Warsaw has a humid continental climate, with cold, snowy winters and mild to hot summers. On average, summer (June to August) temperatures range between 47°F (9°C) and 73°F (22°C), while winter (December to February) temperatures range between 25°F (-4°C) and 42°F (6°C). The average temperature in Warsaw is 27°F (-3°C) in January (mid-winter), and 66°F (19°C) in July (mid-summer), although summer temperatures frequently reach 86°F (30°C).
July is the wettest month, although rain does fall sporadically throughout the year; generally rainfall is heaviest in summer, with winter receiving the least rain. Spring (March, April, May) and autumn (September, October, November) are both lovely seasons with pleasant, mild temperatures and plenty of sun, although autumn can be misty.
Warsaw has a long tourist season and the city is lovely to visit any time between April and October. The peak tourist season is summer, especially July and August; however, the city can become unpleasantly crowded. Those who don't mind the cold and snow will find that Warsaw is a great winter destination.
Every summer, music lovers from around the world flock to Warsaw to attend the highlight of the city's music season, the Warsaw Chamber Opera's Mozart Festival. Presentations of the stage works of Wolfgang Amadeus Mozart include some of his most popular operas, including and among many others.
The programme is typically comprised of about 40 shows and concerts: in fact, at its inception the festival was the only one in Europe to showcase Mozart's entire output for the stage, and the programme still includes all the composer's operas as well as selected oratorial works, symphonies, instrumental concertos and chamber works. The performances take place in the most prestigious and beautiful venues the city has to offer, including the Royal Castle, Royal Theatre, Wilanow Palace Museum, Warsaw Chamber Opera Theatre, Church of the Holy Cross, and the Seminary Church.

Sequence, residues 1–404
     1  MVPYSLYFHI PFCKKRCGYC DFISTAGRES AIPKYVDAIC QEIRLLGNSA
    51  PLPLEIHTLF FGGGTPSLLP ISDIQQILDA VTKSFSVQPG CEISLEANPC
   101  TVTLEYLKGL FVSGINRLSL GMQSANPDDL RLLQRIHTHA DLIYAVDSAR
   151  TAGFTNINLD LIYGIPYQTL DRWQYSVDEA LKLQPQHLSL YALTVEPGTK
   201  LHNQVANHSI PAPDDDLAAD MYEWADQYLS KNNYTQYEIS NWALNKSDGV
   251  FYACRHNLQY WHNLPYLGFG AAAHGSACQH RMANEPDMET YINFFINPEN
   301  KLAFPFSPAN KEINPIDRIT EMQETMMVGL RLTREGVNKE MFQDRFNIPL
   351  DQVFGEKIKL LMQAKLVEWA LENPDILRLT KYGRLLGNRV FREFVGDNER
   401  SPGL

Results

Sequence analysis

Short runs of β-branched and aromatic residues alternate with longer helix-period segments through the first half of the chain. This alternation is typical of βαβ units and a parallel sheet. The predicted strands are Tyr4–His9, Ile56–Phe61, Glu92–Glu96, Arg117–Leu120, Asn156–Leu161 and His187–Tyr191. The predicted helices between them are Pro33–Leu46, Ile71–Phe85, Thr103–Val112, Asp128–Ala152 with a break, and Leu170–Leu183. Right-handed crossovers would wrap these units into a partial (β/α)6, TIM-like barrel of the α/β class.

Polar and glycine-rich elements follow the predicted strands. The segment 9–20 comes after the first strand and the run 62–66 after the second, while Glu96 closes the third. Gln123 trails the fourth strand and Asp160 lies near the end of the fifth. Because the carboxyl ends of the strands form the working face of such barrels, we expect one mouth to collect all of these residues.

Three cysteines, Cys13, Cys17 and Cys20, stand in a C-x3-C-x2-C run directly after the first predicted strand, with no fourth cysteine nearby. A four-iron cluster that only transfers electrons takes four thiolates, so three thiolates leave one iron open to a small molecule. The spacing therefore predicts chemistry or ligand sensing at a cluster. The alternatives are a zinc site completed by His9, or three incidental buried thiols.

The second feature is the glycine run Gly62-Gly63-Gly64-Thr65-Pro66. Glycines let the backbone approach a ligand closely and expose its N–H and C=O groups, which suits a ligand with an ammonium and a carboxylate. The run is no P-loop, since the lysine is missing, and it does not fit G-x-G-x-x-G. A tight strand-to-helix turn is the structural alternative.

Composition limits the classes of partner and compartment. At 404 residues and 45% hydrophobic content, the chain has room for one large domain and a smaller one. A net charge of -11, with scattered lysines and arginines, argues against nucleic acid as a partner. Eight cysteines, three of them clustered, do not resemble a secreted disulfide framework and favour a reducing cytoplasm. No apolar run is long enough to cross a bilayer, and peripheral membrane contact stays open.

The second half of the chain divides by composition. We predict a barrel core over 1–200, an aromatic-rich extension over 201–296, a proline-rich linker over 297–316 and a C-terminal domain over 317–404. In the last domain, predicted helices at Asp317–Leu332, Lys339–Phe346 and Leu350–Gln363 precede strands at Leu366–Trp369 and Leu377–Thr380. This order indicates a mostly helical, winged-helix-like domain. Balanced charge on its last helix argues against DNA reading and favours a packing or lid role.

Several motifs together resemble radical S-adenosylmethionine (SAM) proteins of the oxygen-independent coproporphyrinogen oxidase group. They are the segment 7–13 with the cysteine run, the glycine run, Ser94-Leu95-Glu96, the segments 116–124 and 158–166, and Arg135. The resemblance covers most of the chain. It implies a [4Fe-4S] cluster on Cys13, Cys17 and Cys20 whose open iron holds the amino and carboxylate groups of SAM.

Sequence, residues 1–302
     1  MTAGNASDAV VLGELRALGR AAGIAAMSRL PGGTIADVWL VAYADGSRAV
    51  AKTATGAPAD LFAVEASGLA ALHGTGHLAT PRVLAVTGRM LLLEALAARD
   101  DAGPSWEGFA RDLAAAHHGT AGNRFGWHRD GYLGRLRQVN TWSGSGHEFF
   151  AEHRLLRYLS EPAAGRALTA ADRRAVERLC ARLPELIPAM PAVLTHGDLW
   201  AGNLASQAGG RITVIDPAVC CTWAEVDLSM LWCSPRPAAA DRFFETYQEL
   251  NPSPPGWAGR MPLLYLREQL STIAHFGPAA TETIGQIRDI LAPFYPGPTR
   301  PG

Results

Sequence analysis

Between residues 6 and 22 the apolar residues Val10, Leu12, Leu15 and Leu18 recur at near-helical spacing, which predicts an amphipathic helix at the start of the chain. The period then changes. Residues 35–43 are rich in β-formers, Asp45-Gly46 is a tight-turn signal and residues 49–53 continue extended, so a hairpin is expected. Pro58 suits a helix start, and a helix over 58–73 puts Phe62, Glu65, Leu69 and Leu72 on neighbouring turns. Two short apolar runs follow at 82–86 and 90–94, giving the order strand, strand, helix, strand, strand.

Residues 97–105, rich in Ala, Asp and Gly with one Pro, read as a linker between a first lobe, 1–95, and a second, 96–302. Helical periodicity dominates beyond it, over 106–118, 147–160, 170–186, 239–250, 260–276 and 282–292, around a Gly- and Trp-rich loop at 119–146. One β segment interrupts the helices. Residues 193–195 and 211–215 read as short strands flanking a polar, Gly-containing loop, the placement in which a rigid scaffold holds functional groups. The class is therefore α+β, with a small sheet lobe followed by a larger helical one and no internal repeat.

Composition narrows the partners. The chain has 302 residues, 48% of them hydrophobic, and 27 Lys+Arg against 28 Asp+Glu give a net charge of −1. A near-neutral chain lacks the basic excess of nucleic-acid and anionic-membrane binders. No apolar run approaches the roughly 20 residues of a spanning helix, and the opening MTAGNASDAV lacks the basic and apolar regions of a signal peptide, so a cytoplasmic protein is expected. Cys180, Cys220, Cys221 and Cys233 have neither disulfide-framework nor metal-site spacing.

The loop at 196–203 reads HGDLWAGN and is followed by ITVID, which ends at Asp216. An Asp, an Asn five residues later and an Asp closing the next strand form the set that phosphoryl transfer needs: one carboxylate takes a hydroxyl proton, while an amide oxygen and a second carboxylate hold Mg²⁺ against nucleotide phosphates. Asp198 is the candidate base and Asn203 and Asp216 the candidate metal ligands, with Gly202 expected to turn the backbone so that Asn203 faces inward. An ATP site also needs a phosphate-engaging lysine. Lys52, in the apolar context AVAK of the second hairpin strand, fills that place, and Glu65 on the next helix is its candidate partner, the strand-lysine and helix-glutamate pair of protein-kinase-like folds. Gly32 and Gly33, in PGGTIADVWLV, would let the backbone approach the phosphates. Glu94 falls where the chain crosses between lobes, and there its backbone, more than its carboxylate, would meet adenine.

The Mozart Festival has been held for more than 20 years and is one of the most popular and famous events in Warsaw, conveniently scheduled for the summer, which is the peak tourist season in Poland. There are a variety of ticket options and fanatics can buy special passes which come with a range of benefits. For more information check out the official website listed below.
Buses and trams ply the streets from 5am to 11pm each day and are the cheapest way to get around. Tickets are valid for all modes of public transport and must be bought in advance. The metro trains run frequently between the southern suburbs and the city centre and are the fastest way of getting around Warsaw.
Metered taxis can be hailed on the streets or ordered by telephone from a number of different companies; it is best to agree on a price before getting in. Taxis ordered by phone are usually a lot cheaper. Hiring a car is unnecessary except for excursions out of the city. The historic Old Town is best explored on foot and a lovely way to get around the city is provided by the rental bike system.
Warsaw may not have the obvious aesthetic appeal of Krakow, but the city has many hidden historic gems and a meticulously rebuilt Old Town which stands as tribute to the resilience and determination of its population.
Many of Warsaw's historic sightseeing attractions are clustered in and around Old Town (Starego Miasta), with Market Square at its heart. This part of the city, famously rebuilt after the devastation of World War II, is a warren of cobblestone streets and alleys towered over by Gothic and Baroque buildings and palaces, and colourful tiered homes.
The city's best museums can be found in this area, which is best explored on foot. A great way to take in some of Warsaw's best historic sites is to tour the Royal Way, the route stretching from the Royal Castle in Old Town to the King's Palace at Wilanow, which is lined with museums, palaces, and historic buildings, including St Anne's Church.
The graveyards of the city also allow a step back in time: the Jewish Cemetery (Cmentarz Zydowski) is romantically overgrown in summer and spookily snow-covered in winter, and is a moving and picturesque site to explore; and the famous Powazki Cemetery is home to some remarkable sculptures and grave markers.
For some outdoor fun go strolling, paddling, and picnicking in the lovely Lazienki Park, the most popular of Warsaw's green lungs. There is a monument to Chopin in the park, which is frequently a venue for outdoor concerts. For those travelling to Warsaw with kids, the Copernicus Science Centre is a great rainy-day attraction.